NetGalley eArc Review: The Forgotten Kingdom by Signe Pike

I received this book as an eArc from NetGalley in return for an honest review.

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AD 573. Imprisoned in her chamber, Languoreth awaits news in torment. Her husband and son have ridden off to wage war against her brother, Lailoken. She doesn’t yet know that her young daughter, Angharad, who was training with Lailoken to become a Wisdom Keeper, has been lost in the chaos. As one of the bloodiest battles of early medieval Scottish history scatters its survivors to the wind, Lailoken and his men must flee to exile in the mountains of the Lowlands, while nine-year-old Angharad must summon all Lailoken has taught her and follow her own destiny through the mysterious, mystical land of the Picts.

In the aftermath of the battle, old political alliances unravel, opening the way for the ambitious adherents of the new religion: Christianity. Lailoken is half-mad with battle sickness, and Languoreth must hide her allegiance to the Old Way to survive her marriage to the next Christian king of Strathclyde. Worst yet, the new King of the Angles is bent on expanding his kingdom at any cost. Now the exiled Lailoken, with the help of a young warrior named Artur, may be the only man who can bring the Christians and the pagans together to defeat the encroaching Angles. But to do so, he must claim the role that will forever transform him. He must become the man known to history as “Myrddin.”

Bitter rivalries are ignited, lost loves are found, new loves are born, and old enemies come face-to-face with their reckoning in this compellingly fresh look at one of the most enduring legends of all time.

Title: The Forgotten Kingdom
Author: Signe Pike
Genre: Historical Fiction
Page Count: 496
Rating: ★★★☆☆


Capitalize on Your Genre

Every genre has its strengths and weaknesses. A good author knows how to utilize the strengths, compensate for the weaknesses, and break the rules with the two.

Signe Pike did a great job with The Forgotten Kingdom when it comes to utilizing the genre.

Historical fiction allows a story to take place in any time period. I find that often, the stories take place during time periods or events that we don’t fully know the truth of. We usually have hints and ideas to the events in history, but the specific story fills in a potential hole that could have happened during that time.

Pike blends historical events that we know took place, and mixes them with the fantastical tales of King Arthur.

I’m not usually a fan of the Arthurian legends, but I will admit that Pike does a great job at approaching the tale. He doesn’t directly tell the story of Arthur and the Pendragons, but we get the stories of people living in their world, and we see how the Pendragon story unfold through their eyes.

Careful with Time Skips

Books often happen over long periods of time. Some books are a collection of events that happen one after the other, and those books make sense. Most books, especially longer form books, skip over days, weeks, or even months. It’s normal for a day or two to skip by, with a sentence or an assumption of events to explain what happened.

Some times months go by in a book. I don’t find this often, but a few instances come to mind in the Wheel of Time series. The problem with time jumps like this is that if there isn’t a good explanation of events over that time, the story can start getting plot holes.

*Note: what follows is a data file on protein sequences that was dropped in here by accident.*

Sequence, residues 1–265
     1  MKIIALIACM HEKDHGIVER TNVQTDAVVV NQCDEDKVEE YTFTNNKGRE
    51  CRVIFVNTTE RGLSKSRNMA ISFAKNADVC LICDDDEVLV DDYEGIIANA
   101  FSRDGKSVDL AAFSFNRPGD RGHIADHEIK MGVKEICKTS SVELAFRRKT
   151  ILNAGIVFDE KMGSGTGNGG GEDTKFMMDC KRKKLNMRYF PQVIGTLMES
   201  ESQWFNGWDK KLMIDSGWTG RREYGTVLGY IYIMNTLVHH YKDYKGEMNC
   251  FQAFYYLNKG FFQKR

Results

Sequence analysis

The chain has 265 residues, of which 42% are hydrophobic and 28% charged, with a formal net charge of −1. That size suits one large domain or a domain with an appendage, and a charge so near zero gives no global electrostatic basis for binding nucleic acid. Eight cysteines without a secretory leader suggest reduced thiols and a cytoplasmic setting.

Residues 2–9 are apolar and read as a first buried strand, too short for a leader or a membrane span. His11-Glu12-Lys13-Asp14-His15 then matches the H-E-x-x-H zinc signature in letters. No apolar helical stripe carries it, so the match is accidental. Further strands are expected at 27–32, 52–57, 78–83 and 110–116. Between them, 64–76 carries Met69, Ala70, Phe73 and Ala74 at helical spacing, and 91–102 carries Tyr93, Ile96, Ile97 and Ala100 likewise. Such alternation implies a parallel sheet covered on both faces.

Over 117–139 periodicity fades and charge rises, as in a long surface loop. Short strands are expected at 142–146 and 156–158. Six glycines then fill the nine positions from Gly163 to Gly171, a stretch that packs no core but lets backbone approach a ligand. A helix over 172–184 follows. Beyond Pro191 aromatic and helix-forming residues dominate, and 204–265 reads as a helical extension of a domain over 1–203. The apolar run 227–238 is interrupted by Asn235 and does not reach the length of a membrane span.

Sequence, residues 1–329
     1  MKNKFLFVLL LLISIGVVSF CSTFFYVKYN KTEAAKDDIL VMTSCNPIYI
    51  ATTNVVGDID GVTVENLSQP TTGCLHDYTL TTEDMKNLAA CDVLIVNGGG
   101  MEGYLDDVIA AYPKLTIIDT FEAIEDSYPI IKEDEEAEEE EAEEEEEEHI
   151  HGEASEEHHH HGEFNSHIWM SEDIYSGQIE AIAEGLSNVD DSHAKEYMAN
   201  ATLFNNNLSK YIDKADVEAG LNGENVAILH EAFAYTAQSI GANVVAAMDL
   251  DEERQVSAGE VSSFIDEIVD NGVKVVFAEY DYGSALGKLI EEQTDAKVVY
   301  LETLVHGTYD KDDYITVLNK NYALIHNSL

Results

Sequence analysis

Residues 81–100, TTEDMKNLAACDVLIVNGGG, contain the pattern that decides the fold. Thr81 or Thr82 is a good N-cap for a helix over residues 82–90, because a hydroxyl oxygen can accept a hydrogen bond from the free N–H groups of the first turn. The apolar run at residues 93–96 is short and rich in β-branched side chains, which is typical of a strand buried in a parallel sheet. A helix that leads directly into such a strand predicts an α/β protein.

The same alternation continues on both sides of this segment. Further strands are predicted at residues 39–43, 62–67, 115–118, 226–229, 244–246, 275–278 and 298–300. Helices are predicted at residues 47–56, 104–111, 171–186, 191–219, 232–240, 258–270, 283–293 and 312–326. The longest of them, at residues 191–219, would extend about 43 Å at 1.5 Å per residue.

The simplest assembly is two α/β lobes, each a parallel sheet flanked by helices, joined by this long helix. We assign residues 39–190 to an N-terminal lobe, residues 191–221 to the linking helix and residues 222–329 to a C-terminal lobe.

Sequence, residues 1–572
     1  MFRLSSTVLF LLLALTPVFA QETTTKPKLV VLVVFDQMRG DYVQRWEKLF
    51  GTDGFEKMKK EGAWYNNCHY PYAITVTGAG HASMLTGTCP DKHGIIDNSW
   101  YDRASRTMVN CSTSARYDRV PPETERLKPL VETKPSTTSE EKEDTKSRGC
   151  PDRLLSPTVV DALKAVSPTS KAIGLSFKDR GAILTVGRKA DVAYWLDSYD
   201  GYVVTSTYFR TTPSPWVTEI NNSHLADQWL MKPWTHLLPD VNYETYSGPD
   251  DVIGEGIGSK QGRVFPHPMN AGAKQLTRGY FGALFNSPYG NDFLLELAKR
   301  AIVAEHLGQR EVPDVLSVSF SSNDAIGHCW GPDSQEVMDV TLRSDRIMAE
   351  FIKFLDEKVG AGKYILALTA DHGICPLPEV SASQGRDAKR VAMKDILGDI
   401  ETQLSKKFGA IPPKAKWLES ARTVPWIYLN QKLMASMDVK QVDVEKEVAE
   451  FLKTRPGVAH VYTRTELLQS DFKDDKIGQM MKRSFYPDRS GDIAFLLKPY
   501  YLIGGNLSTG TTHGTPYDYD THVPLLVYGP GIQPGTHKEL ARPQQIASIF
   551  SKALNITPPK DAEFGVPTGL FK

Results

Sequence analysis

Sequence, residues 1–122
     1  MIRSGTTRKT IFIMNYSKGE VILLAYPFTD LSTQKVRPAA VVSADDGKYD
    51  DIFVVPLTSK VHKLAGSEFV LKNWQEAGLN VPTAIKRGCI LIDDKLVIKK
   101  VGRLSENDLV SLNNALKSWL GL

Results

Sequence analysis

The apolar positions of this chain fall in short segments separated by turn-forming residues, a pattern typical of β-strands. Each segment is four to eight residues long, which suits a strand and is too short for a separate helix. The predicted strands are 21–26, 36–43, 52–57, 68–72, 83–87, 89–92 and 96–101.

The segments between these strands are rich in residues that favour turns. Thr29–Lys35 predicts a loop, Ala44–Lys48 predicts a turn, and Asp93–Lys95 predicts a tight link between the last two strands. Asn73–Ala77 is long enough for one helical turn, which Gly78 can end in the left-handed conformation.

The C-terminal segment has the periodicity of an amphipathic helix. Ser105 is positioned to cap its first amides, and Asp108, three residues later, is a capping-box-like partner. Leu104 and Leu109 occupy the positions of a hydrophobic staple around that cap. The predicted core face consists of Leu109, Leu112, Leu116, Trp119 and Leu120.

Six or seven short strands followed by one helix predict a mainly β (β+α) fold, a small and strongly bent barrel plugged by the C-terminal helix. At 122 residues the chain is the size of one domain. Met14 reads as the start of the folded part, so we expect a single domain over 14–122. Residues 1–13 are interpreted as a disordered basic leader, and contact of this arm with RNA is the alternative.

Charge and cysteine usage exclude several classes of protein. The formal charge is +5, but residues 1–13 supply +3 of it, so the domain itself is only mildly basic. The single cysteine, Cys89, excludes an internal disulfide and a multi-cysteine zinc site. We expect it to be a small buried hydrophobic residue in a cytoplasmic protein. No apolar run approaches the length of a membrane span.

I don’t think Pike’s time skips benefit the story at all. When they occur, they make sense. They come when there would be a lull in the story, so skipping years in the future would take us to the next interesting event.

BUT, the scenes that happen after the time skips wouldn’t make sense with rational people. The characters skip years in the future, but threads of their stories are left in a time before the time skip occurs.

If they were as smart as Pike claims them to be, they wouldn’t let certain events occur, or they would have acted differently after years of living with certain knowledge.

Interweaving Stories

Different perspectives in a book are often a good thing. They give us a different viewpoint on the story, and can give us tension. One character can learn of an event, while the other perspective characters have no idea of what occurred. This gives the reader the knowledge they need to know in order to build tension for the end of the story.

Pike does a good job of giving us different perspectives of characters that are on different side of events.

Though our characters may get along with each other, the people they love and fight for don’t.

This brings a sense of tension between family members because their allies aren’t going to get along with each other, so the characters we follow are the only ones that can stop a massacre from happening.

It did feel a bit too safe at times, because I was never really worried that something bad would happen to the main characters. I do however think that there was a nice bit of tension with each character because I was never sure of what would happen next for them.

Final Thoughts

The Forgotten Kingdom was a big improvement from the previous book. It focuses less on an unrealistic love story, and gives readers a better focus on the tension and drama that comes when a family is on opposite sides of a world-changing war.

There are parts of the book that I didn’t enjoy: time skips and the unwanted romance, but there were quite a few parts of the book that made it more immersive and fascinating to read.

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